But he also captured 21 dolphins, six humpback whales, 110 turtles and 90 “other” animals.
A report from the New South Wales Department of Primary Industries showed nets caught 40 target sharks there – white sharks, bull sharks and tiger sharks – during the 2021/2022 mesh season.
But they also captured 335 non-target animals, including turtles, rays, dolphins and fish.
This is lots of bycatch.
Contractors release non-target animals when found, but sometimes it’s too late.
Are SMART battery lines better than nets?
SMART drum lines are baited hooks that, when bitten, send a signal to authorities who will rush to tag and release the shark.
But running them is expensive because contractors have to be paid to be on call, waiting for a shark to bite.
In recent years, SMART battery line trials have been deployed on Australian beaches.
Dr Guida says they are a step in the right direction if used as a replacement for existing shark nets or traditional drum lines.
But he says the money could be better spent paying scientists to tag and track sharks without using the hooks.
Traditional drum lines, without the alarm technology, are still used in Queensland to catch sharks on the end of a baited hook suspended from a drum in the ocean.
Battery lines are checked regularly, but animals die if left there too long. All targeted sharks still alive when brought up are killed.
Surely there are better options?
Many alternatives are being considered in Australia to keep sharks off the beaches.
But testing is expensive and there is no single strategy that would work for different water conditions across the country.
There is also no quick fix.
A report from the Queensland Department of Agriculture and Fisheries in 2019 identified more than a dozen different systems that could be used.
They include CleverBuoys that send out sonar signals, human spotters, drones, anti-shark barriers and cables that emit low-frequency pulsed electronic signals to ward off sharks.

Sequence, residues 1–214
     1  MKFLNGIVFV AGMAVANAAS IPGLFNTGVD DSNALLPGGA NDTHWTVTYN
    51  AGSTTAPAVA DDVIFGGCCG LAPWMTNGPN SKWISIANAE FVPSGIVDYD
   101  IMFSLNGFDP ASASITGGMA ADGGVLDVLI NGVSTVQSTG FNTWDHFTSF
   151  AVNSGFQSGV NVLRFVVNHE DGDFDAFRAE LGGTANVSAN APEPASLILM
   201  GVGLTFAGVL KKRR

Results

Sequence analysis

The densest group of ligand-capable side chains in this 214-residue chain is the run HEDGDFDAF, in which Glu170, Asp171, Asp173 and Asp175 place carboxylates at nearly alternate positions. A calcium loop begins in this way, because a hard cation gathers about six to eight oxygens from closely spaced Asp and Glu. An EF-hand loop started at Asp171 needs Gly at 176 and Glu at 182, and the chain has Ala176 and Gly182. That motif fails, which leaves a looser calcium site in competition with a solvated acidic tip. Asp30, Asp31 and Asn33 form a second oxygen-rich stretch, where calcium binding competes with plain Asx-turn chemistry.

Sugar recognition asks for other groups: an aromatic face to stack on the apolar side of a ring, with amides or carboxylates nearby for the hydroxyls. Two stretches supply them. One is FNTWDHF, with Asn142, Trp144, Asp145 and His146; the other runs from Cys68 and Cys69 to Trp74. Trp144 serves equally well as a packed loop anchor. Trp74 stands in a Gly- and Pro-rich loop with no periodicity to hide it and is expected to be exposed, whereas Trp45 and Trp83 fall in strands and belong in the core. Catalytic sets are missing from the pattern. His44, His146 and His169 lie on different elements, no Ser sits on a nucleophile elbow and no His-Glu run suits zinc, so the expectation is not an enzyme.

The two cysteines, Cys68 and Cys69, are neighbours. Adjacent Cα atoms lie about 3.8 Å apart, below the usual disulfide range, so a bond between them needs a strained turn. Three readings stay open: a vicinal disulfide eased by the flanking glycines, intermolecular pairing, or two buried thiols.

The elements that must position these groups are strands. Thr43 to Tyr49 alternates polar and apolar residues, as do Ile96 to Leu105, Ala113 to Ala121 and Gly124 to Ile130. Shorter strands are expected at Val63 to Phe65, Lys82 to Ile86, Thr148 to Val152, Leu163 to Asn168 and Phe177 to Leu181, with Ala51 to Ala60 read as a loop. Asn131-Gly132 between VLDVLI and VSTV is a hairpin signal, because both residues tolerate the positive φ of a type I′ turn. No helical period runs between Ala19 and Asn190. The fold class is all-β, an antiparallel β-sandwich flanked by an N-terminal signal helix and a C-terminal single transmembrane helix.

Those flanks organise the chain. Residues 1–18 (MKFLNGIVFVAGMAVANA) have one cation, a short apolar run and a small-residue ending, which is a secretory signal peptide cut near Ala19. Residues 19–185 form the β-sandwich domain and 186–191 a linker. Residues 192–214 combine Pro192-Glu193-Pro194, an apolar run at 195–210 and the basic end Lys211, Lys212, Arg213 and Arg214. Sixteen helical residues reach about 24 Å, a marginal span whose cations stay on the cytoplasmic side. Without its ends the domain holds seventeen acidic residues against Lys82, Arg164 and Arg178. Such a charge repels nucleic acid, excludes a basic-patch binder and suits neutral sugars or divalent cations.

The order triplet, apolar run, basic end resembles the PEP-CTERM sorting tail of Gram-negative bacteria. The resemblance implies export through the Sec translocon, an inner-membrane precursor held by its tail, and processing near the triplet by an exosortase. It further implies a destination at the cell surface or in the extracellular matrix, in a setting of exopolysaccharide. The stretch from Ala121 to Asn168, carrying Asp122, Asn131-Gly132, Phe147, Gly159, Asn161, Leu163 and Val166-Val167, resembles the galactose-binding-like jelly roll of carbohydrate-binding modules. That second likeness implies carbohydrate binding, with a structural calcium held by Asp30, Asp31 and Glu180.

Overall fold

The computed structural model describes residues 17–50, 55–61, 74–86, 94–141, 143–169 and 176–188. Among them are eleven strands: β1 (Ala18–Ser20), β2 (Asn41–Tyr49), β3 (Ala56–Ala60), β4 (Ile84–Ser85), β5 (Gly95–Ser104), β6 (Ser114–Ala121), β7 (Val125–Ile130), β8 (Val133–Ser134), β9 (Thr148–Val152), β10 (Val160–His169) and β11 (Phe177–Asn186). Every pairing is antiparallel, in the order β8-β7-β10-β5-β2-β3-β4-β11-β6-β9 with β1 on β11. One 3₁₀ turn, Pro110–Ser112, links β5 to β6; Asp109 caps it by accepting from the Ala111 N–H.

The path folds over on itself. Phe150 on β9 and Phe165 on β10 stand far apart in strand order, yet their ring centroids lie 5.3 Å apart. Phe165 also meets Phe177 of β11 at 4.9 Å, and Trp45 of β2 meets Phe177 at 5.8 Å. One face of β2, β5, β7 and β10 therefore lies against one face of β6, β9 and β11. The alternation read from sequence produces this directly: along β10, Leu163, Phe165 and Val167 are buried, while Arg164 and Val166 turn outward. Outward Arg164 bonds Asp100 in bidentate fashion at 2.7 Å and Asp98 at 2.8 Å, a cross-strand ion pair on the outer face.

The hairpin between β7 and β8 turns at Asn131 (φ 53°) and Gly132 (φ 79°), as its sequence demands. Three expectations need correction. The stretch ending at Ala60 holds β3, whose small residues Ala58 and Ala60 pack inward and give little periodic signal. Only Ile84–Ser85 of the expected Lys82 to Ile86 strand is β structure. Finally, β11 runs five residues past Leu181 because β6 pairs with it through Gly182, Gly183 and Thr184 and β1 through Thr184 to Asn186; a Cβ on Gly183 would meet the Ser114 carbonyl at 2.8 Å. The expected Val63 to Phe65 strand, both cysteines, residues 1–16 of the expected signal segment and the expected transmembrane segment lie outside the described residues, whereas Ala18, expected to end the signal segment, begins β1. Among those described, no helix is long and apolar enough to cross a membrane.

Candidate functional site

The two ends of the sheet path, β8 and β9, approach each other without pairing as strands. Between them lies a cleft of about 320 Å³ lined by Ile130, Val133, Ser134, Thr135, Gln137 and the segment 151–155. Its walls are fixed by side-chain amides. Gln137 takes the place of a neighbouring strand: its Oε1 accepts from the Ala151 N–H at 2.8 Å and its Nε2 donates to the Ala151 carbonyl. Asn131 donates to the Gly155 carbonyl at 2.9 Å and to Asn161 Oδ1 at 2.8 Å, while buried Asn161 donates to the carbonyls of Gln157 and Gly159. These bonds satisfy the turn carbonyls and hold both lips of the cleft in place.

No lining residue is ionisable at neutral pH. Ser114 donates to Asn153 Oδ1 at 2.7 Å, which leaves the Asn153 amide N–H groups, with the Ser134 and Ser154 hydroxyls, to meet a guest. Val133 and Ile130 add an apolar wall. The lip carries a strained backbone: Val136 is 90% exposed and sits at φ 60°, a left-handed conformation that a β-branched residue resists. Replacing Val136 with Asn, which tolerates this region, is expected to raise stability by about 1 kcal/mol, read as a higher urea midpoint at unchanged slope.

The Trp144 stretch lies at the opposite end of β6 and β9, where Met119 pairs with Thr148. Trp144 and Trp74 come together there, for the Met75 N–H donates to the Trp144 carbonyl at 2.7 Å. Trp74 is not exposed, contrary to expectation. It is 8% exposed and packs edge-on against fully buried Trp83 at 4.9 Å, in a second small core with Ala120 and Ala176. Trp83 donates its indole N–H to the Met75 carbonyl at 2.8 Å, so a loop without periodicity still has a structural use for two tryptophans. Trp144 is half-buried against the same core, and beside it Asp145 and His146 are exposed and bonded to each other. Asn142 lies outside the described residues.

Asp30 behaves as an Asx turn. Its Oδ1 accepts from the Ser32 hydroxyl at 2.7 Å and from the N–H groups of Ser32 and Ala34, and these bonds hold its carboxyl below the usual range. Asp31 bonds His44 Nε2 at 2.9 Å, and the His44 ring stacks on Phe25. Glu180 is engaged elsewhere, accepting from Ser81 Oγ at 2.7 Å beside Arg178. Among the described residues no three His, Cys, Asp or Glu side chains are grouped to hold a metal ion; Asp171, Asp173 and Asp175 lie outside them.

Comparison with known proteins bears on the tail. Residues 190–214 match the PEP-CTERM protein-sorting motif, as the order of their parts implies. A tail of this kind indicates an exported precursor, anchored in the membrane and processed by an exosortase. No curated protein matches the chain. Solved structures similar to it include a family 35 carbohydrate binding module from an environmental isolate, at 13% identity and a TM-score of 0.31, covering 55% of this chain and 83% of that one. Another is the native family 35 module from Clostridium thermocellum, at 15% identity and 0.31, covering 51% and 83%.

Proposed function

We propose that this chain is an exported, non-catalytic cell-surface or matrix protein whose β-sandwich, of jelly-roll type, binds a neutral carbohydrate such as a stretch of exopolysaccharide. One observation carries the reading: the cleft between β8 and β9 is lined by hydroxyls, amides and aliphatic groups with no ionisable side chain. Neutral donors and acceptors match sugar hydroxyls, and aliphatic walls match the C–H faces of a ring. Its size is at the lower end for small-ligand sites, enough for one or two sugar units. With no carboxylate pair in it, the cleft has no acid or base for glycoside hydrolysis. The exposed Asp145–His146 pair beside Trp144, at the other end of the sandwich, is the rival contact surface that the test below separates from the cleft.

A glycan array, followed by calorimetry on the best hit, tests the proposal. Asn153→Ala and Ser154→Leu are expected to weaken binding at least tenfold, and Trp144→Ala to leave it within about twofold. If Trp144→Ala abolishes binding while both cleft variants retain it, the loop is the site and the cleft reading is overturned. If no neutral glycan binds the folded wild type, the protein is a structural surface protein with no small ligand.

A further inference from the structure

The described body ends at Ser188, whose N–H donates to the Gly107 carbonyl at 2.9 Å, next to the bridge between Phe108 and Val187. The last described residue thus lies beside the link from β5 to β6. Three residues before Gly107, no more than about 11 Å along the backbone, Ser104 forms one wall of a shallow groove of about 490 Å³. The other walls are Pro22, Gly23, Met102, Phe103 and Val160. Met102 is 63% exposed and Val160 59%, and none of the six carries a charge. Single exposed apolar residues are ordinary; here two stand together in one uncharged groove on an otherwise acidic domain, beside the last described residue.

Dr Guida says using a combination of strategies could reduce the risk of attacks in Australia.
But he says education and awareness are fundamental.
How can I reduce my risk of being eaten?
The risk of being bitten by a shark is less than one in a million.
But if you still don’t like your odds, there are a few things to keep in mind to prevent yourself from being shark bait.
Seabirds diving in the ocean indicate a bait ball – where there is a bait ball, there will likely be sharks. Stay vigilant!
Another good tip for surfers and swimmers is to stay away from river mouths after heavy rains.
Nutrients flowing into the ocean can attract animals to feed, and reduced visibility after rain is ideal for ambush predators.
Anti-shark suits and repellent devices attached to boards and strips have also started to hit the market.
Studies have shown that the polymer fibers in shark proof suits reduce the size and depth of shark bites, and therefore reduce blood loss which can lead to death.
Several studies have proven that repellent devices reduce the risk of interaction with sharks.